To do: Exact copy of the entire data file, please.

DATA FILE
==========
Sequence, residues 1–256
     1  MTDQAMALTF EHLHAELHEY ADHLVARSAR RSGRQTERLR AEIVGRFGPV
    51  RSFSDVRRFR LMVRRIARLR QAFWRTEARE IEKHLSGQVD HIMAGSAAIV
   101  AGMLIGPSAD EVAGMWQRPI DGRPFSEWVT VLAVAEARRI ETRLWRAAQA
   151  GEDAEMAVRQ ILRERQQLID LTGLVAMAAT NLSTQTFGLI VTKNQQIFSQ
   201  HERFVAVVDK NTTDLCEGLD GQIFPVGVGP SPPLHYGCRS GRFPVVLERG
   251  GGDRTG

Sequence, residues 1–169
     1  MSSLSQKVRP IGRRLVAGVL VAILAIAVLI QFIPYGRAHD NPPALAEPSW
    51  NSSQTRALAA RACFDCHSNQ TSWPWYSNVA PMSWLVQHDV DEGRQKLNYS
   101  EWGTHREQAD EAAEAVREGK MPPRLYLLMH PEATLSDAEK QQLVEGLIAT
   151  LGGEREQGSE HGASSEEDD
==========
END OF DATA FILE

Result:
Sequence, residues 1–256
     1  MTDQAMALTF EHLHAELHEY ADHLVARSAR RSGRQTERLR AEIVGRFGPV
    51  RSFSDVRRFR LMVRRIARLR QAFWRTEARE IEKHLSGQVD HIMAGSAAIV
   101  AGMLIGPSAD EVAGMWQRPI DGRPFSEWVT VLAVAEARRI ETRLWRAAQA
   151  GEDAEMAVRQ ILRERQQLID LTGLVAMAAT NLSTQTFGLI VTKNQQIFSQ
   201  HERFVAVVDK NTTDLCEGLD GQIFPVGVGP SPPLHYGCRS GRFPVVLERG
   251  GGDRTG

Sequence, residues 1–169
     1  MSSLSQKVRP IGRRLVAGVL VAILAIAVLI QFIPYGRAHD NPPALAEPSW
    51  NSSQTRALAA RACFDCHSNQ TSWPWYSNVA PMSWLVQHDV DEGRQKLNYS
   101  EWGTHREQAD EAAEAVREGK MPPRLYLLMH PEATLSDAEK QQLVEGLIAT
   151  LGGEREQGSE HGASSEEDD